It’s never too late to join the entrepreneurial party. We’ve all heard the stories of young geniuses, but plenty of influential entrepreneurs founded companies in their 30s, 40s, 50s. There’s value to being a late-stage founder — like the fact that you’re bringing along all your life experience. That’s what Gwyneth Paltrow did when she launched Goop. Paltrow transitioned from Hollywood star to startup founder with her lifestyle brand, which now has over 8 million subscribers — and she did it by leaning in to what she knew, embracing what she didn’t, and coming up with strategies to fill the gap. With cameo appearances by Sara Blakely (Spanx), Brian Chesky (Airbnb), Boyd Martin (Olympic horse rider), and Ruben Harris (Career Karma).
On Masters of Scale, we talk a lot about how businesses grow. But we also talk about how people grow: how key decisions (and happy accidents) can shape your future, and how your setbacks can actually set you up for success. On this special Graduation Episode, guest host Jordan Harbinger teams up with Reid Hoffman to share advice that will help you navigate choices in your career. Including clips from Instagram’s Kevin Systrom, Yahoo’s Marissa Mayer, Spotify’s Daniel Ek, and more.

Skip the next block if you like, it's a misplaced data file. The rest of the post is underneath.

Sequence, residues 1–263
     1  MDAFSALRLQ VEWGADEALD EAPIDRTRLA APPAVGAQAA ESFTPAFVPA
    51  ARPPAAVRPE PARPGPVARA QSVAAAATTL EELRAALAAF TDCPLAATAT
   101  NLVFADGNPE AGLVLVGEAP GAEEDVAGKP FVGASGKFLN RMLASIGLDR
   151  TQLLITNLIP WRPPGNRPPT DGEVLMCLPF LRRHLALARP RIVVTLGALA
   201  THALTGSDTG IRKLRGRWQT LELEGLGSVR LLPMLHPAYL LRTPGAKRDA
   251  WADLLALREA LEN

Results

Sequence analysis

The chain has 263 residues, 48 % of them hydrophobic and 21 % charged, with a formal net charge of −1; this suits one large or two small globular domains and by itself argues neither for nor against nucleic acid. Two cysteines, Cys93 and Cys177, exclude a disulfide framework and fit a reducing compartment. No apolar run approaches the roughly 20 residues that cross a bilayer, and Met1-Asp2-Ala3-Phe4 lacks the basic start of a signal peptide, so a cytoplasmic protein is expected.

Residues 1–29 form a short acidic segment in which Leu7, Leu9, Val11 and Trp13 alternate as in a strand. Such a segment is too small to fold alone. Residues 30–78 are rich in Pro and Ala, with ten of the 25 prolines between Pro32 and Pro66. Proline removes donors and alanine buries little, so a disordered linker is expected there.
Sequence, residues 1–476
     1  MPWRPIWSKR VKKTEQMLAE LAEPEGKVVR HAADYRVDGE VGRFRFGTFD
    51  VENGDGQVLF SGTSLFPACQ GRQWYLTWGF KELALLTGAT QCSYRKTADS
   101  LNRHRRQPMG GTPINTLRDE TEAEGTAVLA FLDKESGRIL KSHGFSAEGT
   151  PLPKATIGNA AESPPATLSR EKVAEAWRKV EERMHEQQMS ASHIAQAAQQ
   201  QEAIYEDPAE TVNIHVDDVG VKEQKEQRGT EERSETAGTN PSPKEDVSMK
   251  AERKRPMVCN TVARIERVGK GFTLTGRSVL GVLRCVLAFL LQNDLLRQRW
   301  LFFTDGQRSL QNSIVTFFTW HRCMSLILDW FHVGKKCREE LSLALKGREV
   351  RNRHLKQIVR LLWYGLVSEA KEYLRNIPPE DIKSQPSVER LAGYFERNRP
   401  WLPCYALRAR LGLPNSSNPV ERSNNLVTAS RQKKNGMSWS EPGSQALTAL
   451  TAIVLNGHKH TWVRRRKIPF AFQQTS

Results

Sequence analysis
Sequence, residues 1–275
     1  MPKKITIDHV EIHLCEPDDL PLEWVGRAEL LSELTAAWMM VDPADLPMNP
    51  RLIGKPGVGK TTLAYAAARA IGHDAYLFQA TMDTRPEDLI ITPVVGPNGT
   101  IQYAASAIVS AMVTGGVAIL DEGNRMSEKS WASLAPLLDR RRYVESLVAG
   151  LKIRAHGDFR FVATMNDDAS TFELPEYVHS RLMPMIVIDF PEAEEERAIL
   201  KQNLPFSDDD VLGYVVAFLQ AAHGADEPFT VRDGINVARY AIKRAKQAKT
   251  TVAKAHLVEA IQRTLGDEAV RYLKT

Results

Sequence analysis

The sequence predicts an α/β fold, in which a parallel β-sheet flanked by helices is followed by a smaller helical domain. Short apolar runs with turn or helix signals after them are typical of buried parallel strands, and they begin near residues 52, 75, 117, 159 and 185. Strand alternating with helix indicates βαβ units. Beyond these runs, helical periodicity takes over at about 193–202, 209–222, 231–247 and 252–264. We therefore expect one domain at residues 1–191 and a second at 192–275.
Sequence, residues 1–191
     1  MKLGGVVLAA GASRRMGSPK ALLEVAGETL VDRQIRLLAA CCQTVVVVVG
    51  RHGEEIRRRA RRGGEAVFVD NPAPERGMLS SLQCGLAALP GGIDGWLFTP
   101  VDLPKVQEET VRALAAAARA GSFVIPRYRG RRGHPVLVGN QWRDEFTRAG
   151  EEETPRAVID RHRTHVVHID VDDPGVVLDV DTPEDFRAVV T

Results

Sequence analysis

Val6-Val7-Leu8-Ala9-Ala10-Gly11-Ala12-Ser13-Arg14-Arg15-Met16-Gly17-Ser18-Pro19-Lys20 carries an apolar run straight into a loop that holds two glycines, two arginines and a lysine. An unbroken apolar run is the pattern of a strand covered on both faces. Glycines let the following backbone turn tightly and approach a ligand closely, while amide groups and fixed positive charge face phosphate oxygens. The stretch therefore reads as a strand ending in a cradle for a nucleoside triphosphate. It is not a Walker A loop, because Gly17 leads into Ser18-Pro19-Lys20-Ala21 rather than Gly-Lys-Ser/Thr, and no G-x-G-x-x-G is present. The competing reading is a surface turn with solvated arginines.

Early-stage startups are a lot like pirate ships – they need a buccaneering spirit to survive. But every startup needs to shed its pirate nature at some point, and evolve into something more akin to a navy – no less heroic, but more disciplined. Dara Khosrowshahi, as Uber CEO, took on the most extreme pirate-to-navy transition in startup history. Though Uber blitzscaled to become the most valuable startup in the world, it was also notorious for its toxic culture – and Dara turned the company around. His method? Truth-telling and doing the right thing. Cameo appearances: Arianna Huffington (Thrive Global) and Ben Chestnut (Mailchimp).